Artist Yto Barrada at her exhibition Yto Barrada: Agadir. Installation view, The Curve, Barbican Centre, 7 Feb – 20 May 2018. Credit: Photo by Tristan Fewings/Getty Images
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Visually, the installation is dominated by a series of large white-on-black scratch drawings of modernist and Brutalist buildings that process around the long curving wall of the gallery. This mural depicts buildings from both before and after the earthquake, with a resonance, notes Barrada, to both the architecture of British New Towns and the design of the Barbican itself. Although Le Corbusier declined an invitation to get involved in the Agadir reconstruction, his work was still influential in the renewal. This was led by Jean-François Zevaco, whose 1963 exposed concrete Central Post Office is among the buildings depicted in the scratch-drawings along with Elie Azagury’s Law Courts of 1967-8.

‘I wanted the drawings to be recognisable as these buildings but also to be abstract…There is always tension between art and information,’ says Barrada.

The scratch drawings conclude in a deconstruction of the common elements of brutalism such as pilotis, la poutre (beam), la paravent (screen), la claustra (perforated wall).

‘I wanted to know what the brutalist vocabulary was so I made a grammar,’ she says. ‘Now I want to make sculptures with all these parts.’

  • Collage © Yto Barrada, courtesy Pace Gallery; Sfeir-Semler Gallery, Hamburg, Beirut; and Galerie Polaris, Paris
    Collage © Yto Barrada, courtesy Pace Gallery; Sfeir-Semler Gallery, Hamburg, Beirut; and Galerie Polaris, Paris
  • Collage © Yto Barrada, courtesy Pace Gallery; Sfeir-Semler Gallery, Hamburg, Beirut; and Galerie Polaris, Paris
    Collage © Yto Barrada, courtesy Pace Gallery; Sfeir-Semler Gallery, Hamburg, Beirut; and Galerie Polaris, Paris
  • Collage © Yto Barrada, courtesy Pace Gallery; Sfeir-Semler Gallery, Hamburg, Beirut; and Galerie Polaris, Paris
    Collage © Yto Barrada, courtesy Pace Gallery; Sfeir-Semler Gallery, Hamburg, Beirut; and Galerie Polaris, Paris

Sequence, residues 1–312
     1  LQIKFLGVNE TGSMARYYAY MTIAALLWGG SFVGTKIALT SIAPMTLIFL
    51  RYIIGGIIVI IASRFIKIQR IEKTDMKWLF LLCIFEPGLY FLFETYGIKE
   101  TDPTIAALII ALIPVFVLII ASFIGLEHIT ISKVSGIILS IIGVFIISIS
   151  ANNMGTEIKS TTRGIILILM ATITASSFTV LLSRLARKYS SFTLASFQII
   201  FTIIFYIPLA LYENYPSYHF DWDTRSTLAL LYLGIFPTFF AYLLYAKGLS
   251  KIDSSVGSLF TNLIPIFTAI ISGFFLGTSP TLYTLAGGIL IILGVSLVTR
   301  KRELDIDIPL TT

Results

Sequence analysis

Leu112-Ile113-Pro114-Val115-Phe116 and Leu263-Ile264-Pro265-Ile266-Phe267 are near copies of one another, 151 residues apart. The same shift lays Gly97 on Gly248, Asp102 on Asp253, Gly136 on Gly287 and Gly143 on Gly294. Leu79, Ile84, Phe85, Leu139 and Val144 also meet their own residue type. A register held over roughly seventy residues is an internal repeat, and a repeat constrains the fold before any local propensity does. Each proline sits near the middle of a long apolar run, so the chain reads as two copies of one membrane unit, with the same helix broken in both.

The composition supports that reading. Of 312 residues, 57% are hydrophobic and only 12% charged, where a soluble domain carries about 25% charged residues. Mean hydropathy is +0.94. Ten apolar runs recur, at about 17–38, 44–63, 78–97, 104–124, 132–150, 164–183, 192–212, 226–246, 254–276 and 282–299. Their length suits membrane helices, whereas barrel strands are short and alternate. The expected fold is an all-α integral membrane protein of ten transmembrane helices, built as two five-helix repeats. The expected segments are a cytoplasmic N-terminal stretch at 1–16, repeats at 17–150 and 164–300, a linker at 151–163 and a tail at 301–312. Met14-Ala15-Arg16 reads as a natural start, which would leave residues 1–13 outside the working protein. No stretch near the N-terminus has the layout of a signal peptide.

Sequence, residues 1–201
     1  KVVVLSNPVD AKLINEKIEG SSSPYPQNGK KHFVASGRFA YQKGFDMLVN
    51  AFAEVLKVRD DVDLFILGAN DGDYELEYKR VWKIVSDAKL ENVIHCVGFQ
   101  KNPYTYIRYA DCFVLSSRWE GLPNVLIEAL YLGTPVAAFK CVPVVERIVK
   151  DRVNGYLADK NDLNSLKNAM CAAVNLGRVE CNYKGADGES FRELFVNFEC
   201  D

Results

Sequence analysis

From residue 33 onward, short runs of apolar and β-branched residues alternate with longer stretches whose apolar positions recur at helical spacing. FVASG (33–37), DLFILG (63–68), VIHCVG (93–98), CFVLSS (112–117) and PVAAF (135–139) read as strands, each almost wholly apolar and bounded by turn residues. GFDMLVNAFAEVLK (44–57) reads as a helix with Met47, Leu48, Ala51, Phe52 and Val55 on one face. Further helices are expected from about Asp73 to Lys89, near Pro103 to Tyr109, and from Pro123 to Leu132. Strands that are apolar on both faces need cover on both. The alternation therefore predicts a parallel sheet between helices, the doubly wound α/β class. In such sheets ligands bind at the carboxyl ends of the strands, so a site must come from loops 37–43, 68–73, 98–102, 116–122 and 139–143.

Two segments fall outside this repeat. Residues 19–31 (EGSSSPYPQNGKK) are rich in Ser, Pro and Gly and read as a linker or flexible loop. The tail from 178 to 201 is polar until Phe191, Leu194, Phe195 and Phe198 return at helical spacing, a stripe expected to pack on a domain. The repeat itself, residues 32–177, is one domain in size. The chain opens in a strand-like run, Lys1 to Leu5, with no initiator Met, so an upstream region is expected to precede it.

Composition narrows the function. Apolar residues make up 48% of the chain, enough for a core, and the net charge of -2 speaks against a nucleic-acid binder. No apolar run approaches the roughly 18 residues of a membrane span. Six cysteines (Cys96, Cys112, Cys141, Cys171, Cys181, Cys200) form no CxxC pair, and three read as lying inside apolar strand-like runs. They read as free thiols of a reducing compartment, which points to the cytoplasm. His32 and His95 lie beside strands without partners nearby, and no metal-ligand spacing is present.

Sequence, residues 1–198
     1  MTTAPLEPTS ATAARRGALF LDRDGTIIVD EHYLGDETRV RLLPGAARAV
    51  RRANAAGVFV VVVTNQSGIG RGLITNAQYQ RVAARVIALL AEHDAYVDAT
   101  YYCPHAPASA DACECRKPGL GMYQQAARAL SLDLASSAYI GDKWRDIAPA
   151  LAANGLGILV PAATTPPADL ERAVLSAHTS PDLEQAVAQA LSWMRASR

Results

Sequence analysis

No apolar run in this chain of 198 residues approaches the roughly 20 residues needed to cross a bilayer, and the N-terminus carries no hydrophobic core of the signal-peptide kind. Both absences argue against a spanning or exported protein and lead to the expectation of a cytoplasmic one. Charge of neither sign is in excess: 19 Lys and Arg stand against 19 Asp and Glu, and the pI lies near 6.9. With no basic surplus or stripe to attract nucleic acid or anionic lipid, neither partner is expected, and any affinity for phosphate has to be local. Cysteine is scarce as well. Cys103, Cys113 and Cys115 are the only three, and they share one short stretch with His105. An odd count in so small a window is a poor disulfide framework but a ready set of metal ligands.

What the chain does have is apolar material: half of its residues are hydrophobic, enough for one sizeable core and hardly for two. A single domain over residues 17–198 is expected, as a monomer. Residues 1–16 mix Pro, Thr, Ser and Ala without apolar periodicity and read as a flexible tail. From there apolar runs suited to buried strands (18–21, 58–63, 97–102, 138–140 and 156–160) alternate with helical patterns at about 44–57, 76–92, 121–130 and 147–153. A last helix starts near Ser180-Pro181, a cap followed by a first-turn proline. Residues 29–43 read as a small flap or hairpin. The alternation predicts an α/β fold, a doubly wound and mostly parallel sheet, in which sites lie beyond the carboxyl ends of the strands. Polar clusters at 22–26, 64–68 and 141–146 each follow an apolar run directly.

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More than half a century since the rebuilding, Barrada says there is an increasing appreciation of this architectural heritage in Morocco, with the establishment of organisations such as the MAMMA group – the Memoire Des Architectes Modernes Marocains.

On the facing wall is a series of collages created by Barrada using snippets of post-earthquake press images of the ruined city. These are juxtaposed with fragments of brightly patterned 1930s French wallpaper in a sharp reminder of the domestic life that was destroyed along with the buildings. In between are various items of Moroccan wicker furniture designed to encourage conversation, which play the sound installation of translated Agadir extracts when the live performances aren’t taking place.

It’s not until the end of the installation that we watch first-person accounts of the tragedy in filmed press footage. Barrada has edited this by adding or cutting sounds here and there and taking out all references to the word earthquake in order to evoke what she describes as a strange ‘end-of-the world’ feeling.

This disparate show can be hard to get to grips with. But it opened my eyes to the North African branch of modernism and left me wanting to find out more.


Yto Barrada: Agadir, until 20 May 2018, The Curve, Barbican Centre, London